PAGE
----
So until the candidates know, or feel, that it is something that the larger electorate really cares about—deeply gives a shit about—I don’t think there is any motivation for them to have food as part of their platform.

Until the candidates know, or feel, that it is something that the larger electorate really cares about—deeply gives a shit about—I don’t think there is any motivation for them to have food as part of their platform.

MF: At least under Obama and the USDA there has been a fair bit of attention put on local and regional food systems—through the Know Your Farmer, Know Your Food program, for example—which I think was really driven by a recognition of the economic impact that type of food system can have.

MN: I can’t speak for Trump’s position on agriculture at all, but I do know that type of work was under Hillary Clinton’s purview when she was a junior senator in New York. She had a pretty good ag team put together with Melissa Ho and a variety of other folks that were really pushing for better urban-rural connections between New York City and New York State, and working to make it more economically viable to get New York State grown products into the biggest city in North America. So I would suspect that, like in the Obama administration, were she to get into office that they would continue to support the progress that we’ve seen on things like incentivizing SNAP for fruits and vegetables, organic farming research, and all of the community food projects that we’ve seen supported at the USDA.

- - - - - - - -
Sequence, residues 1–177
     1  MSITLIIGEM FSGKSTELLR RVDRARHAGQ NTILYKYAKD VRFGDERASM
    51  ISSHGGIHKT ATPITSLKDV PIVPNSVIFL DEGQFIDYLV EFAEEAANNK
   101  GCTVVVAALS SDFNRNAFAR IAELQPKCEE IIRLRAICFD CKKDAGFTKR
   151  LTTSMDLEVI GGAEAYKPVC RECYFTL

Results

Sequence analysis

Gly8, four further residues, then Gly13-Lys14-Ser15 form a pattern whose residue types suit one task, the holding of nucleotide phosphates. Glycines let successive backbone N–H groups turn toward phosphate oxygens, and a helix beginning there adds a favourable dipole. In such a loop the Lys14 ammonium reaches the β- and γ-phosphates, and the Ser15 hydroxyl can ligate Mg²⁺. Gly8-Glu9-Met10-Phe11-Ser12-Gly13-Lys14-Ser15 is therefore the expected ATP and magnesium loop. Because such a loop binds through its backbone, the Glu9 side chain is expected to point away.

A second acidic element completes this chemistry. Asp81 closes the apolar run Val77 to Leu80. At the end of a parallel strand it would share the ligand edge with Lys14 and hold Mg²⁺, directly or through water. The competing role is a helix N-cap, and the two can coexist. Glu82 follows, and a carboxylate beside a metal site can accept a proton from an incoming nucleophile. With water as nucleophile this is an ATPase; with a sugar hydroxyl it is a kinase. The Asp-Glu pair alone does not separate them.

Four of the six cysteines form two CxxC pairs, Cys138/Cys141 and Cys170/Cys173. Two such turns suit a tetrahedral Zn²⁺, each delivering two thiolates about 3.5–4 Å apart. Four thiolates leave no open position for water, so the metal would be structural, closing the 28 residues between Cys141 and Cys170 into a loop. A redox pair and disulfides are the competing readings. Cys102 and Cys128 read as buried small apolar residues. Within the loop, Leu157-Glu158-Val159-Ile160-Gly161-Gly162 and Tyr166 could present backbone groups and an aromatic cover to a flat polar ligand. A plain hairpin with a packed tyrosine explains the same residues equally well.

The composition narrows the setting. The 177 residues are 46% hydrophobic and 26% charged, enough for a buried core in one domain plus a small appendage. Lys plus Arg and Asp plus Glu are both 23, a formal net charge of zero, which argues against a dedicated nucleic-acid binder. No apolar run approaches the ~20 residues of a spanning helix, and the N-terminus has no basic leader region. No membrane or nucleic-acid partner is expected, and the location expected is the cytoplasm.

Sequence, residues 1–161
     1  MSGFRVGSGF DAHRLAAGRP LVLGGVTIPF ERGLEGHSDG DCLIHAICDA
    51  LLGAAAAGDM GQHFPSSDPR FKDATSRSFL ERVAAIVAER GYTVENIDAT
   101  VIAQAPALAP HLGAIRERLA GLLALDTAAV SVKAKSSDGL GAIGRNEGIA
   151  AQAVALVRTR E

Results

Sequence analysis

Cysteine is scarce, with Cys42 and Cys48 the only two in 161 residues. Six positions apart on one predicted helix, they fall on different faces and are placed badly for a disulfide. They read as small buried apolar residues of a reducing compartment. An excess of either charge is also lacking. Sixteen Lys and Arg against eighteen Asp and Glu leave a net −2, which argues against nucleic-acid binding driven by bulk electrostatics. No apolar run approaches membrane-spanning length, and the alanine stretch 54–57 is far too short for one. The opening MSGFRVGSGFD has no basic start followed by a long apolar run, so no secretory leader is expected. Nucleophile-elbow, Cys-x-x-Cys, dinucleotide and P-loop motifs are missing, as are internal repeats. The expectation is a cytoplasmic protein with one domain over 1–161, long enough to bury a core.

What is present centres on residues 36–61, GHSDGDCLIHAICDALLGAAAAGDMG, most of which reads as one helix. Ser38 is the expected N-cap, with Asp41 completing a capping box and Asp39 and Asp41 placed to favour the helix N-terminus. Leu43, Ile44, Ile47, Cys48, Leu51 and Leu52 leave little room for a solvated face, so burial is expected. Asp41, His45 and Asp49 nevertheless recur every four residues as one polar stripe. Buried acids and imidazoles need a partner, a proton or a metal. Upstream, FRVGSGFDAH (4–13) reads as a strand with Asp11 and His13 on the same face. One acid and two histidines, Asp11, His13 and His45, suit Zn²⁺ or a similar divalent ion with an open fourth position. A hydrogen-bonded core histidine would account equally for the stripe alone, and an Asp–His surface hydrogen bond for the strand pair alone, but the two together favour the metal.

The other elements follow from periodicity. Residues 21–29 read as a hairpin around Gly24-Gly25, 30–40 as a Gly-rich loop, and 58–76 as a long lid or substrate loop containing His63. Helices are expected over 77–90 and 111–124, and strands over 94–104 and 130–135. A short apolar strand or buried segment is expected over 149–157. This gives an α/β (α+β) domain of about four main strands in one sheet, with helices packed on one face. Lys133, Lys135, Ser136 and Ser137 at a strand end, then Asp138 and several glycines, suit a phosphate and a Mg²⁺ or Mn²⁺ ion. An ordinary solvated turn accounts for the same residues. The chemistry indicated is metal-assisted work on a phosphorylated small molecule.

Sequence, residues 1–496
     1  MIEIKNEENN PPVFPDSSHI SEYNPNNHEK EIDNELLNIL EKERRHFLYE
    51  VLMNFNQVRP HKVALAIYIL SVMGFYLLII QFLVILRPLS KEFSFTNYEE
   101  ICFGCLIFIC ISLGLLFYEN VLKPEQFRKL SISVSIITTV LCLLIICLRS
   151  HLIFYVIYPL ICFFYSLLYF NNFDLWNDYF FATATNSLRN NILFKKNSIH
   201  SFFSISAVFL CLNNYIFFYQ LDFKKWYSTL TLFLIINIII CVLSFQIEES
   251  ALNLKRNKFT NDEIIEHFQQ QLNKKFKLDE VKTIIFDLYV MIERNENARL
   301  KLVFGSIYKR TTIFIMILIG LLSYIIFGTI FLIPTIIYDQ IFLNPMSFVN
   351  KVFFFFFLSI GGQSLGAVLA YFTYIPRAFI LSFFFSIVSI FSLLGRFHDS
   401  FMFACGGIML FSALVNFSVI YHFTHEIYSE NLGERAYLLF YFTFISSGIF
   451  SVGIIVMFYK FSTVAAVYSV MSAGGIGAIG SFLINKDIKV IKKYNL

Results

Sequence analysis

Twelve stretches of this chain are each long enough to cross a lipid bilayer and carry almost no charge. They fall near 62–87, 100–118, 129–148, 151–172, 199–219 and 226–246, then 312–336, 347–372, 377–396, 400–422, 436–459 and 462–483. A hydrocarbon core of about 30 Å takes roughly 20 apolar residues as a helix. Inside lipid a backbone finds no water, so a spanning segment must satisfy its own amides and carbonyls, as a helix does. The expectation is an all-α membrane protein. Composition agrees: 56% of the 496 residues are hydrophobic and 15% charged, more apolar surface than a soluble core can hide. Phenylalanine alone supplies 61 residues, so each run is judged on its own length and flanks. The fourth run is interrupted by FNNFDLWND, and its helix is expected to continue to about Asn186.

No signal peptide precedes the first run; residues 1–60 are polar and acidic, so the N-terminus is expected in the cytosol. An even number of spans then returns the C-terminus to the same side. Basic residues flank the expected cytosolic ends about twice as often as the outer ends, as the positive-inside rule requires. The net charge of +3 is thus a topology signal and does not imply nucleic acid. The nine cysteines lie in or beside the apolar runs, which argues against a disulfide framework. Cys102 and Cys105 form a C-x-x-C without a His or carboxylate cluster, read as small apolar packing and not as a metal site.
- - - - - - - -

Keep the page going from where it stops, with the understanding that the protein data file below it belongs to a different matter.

MF: Wholesome Wave has done a lot of work to influence the farm bill, particularly in regard to expanding SNAP benefits. What’s the latest in that effort?

MN: Now for the first time ever SNAP can be used to purchase things in advance, but the only thing it can be used to purchase in advance is a CSA share. That’s pretty monumental in and of itself. It doesn’t get a lot of attention. So there have been gains over the last few farm bills that have benefited farmers and producers and community-based nonprofit organizations relative to local and regional food systems. But it tends to be $20 million here are $100 million dollars there in a $970 billion bill.

MF: What would give politicians greater license to focus on these issues?

MN: My thought is that the greatest opportunity for any candidate to get into this is through the half trillion dollars a year we spend treating diet-related diseases—taxpayers paying for diet-related medication, organ replacement, dialysis etc. Diet-related diseases are very expensive to treat. It’s a lot less expensive to have a policy that allows Medicaid to reimburse certain healthy food choices as prevention. It’s a lot cheaper to give someone the food they need to avoid diabetes, especially when they are struggling with poverty, than have them get sick. Obviously we are not going to let them die, we’re not going to make them hang onto a bad liver or bad kidneys, so Medicaid and Medicare covers those things. But food is a lot cheaper.

The economic impact of being able to have that half trillion dollars evaporate by making healthier food more affordable seems like it would be a pretty monumental policy shift that could get somebody a lot of attention.

MF: In my conversation with Tom Colicchio he said that he sees a need for the hunger advocacy movement and the Good Food movement to join forces. It seems like that’s something you guys are really focused on at Wholesome Wave.